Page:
Dark Carbon Fixation in the Columbia River’s Estuarine Turbidity Maxima: Molecular Characterization of Red-Type cbbL Genes and Measurement of DIC Uptake Rates in Response to Added Electron Donors
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- Bräuer, S.L., Kranzler, K., Goodson, N. et al. Estuaries and Coasts (2013) 36: 1073. doi:10.1007/s12237-013-9603-6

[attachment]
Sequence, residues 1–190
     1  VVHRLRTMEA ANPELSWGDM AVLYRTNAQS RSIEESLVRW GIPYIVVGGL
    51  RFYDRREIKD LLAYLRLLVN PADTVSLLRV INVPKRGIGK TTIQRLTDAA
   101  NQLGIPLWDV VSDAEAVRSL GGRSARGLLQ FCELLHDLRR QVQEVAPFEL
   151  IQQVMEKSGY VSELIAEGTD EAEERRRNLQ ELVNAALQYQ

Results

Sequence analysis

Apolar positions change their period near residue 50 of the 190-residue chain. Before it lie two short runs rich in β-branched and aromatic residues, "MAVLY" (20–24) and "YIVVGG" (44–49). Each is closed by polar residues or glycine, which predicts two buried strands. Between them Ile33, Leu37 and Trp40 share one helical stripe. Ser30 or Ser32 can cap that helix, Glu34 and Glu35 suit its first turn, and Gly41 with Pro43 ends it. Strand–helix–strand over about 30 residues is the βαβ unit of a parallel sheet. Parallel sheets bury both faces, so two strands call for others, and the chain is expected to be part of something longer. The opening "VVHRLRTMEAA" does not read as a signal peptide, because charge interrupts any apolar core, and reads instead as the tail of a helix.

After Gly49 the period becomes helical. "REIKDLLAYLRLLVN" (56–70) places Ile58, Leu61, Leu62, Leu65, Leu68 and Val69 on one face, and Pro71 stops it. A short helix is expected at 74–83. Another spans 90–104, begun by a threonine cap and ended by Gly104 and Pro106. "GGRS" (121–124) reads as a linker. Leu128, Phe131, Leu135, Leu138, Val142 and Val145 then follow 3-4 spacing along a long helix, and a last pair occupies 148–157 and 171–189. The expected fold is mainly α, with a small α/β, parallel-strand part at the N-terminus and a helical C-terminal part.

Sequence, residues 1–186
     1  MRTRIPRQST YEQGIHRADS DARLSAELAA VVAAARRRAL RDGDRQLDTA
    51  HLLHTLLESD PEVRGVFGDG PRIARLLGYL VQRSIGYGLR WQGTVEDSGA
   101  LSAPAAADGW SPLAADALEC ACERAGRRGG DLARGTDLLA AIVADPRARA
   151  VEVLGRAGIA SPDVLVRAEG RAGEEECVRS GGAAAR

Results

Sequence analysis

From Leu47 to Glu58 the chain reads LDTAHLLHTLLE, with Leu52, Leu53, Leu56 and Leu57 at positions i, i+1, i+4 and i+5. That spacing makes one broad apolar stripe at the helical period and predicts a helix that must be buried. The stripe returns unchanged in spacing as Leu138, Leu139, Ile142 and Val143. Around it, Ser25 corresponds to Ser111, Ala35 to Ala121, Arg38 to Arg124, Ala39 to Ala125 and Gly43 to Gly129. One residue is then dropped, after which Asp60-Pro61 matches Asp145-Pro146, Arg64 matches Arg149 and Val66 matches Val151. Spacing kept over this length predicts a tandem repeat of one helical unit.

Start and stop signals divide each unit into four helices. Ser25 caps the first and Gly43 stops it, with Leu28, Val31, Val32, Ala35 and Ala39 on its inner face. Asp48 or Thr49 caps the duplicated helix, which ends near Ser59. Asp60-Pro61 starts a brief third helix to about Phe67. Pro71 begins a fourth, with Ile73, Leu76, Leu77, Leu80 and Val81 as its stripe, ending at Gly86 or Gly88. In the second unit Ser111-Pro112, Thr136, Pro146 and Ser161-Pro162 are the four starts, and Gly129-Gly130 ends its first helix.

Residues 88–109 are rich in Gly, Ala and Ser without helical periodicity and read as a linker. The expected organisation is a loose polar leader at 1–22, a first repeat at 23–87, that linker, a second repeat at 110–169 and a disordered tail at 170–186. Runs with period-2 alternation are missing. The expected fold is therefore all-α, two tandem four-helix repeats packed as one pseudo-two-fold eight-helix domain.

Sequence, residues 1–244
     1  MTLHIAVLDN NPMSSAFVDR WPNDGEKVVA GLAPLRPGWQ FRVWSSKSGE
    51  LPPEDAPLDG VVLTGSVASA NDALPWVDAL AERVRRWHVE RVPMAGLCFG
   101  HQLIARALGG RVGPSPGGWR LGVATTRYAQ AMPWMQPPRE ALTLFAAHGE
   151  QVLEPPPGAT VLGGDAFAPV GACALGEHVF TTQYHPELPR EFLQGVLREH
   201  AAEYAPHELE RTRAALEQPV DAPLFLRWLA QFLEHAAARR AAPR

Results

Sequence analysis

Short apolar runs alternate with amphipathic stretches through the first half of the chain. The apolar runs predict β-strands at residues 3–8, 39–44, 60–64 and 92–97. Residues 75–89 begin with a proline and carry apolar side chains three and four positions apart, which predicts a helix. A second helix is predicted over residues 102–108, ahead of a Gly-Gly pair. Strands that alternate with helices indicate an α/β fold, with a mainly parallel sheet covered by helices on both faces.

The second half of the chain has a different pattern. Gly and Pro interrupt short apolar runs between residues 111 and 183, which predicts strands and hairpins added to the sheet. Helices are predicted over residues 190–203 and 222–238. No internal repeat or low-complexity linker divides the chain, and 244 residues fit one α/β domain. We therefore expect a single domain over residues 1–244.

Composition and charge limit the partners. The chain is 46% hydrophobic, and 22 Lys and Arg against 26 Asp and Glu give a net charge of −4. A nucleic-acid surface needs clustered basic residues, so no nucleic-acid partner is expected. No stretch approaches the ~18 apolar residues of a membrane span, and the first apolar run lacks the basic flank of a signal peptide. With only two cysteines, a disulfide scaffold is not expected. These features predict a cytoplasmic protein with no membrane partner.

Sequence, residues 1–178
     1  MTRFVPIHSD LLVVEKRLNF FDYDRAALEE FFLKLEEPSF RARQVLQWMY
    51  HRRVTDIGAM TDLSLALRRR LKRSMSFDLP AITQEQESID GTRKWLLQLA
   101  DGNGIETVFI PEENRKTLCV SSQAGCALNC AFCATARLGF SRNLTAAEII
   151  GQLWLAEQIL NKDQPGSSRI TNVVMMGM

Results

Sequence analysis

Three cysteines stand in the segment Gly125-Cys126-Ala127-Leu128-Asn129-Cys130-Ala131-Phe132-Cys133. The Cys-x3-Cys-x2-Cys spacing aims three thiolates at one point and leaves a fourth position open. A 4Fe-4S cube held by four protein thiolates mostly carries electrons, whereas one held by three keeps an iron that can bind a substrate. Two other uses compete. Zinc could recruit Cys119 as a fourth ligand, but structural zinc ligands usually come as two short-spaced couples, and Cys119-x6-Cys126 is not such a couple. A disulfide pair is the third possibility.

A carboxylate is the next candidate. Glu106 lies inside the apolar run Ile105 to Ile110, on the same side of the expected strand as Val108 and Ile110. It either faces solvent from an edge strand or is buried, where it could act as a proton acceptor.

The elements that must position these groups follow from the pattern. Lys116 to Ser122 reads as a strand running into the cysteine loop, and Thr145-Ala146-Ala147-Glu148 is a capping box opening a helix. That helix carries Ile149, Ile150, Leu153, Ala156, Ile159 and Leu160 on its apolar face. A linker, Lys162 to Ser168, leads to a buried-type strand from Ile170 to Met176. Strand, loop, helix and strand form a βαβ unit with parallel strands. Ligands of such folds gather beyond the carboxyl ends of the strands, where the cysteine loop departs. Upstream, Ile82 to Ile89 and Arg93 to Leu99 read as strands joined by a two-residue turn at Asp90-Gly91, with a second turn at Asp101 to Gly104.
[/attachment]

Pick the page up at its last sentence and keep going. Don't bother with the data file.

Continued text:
Dark CO2 fixation has been shown to rival the importance of oxygenic photosynthesis in the global carbon cycle, especially in stratified environments, such as salt wedge estuaries. We investigated this process in the Columbia River estuary using a variety of techniques including functional gene cloning of cbbL (the large subunit of form I RuBisCO), quantitative real-time PCR (qPCR) estimations of cbbL abundance, and analyses of stimulated 14C-bicarbonate assimilation. A diversity of red-type cbbL genes were retrieved from clone libraries, with 28 unique operational taxonomic units determined from 60 sequences. The majority of the sequences formed two clusters that were distinct from the major clusters typically found in soil environments, revealing the presence of a unique community of autotrophic or facultatively autotrophic/mixotrophic microorganisms in the Columbia River estuary. qPCR estimates indicated that roughly 0.03–0.15 % of the microbial population harbored the cbbL gene, with greater numbers of total bacteria and cbbL gene copies found in the estuarine turbidity maxima (ETM) compared to non-ETM events. In vitro incubations with radiolabeled bicarbonate indicated maximum stimulation by thiosulfate and also suggested that a diversity of other potential electron donors may stimulate CO2 fixation, including nitrite, ammonium, and Mn(II). Taken together, these results highlight the diversity of the microbial metabolic strategies employed and emphasize the importance of dark CO2 fixation in the dynamic waters of the Columbia River estuary despite the abundance of organic material.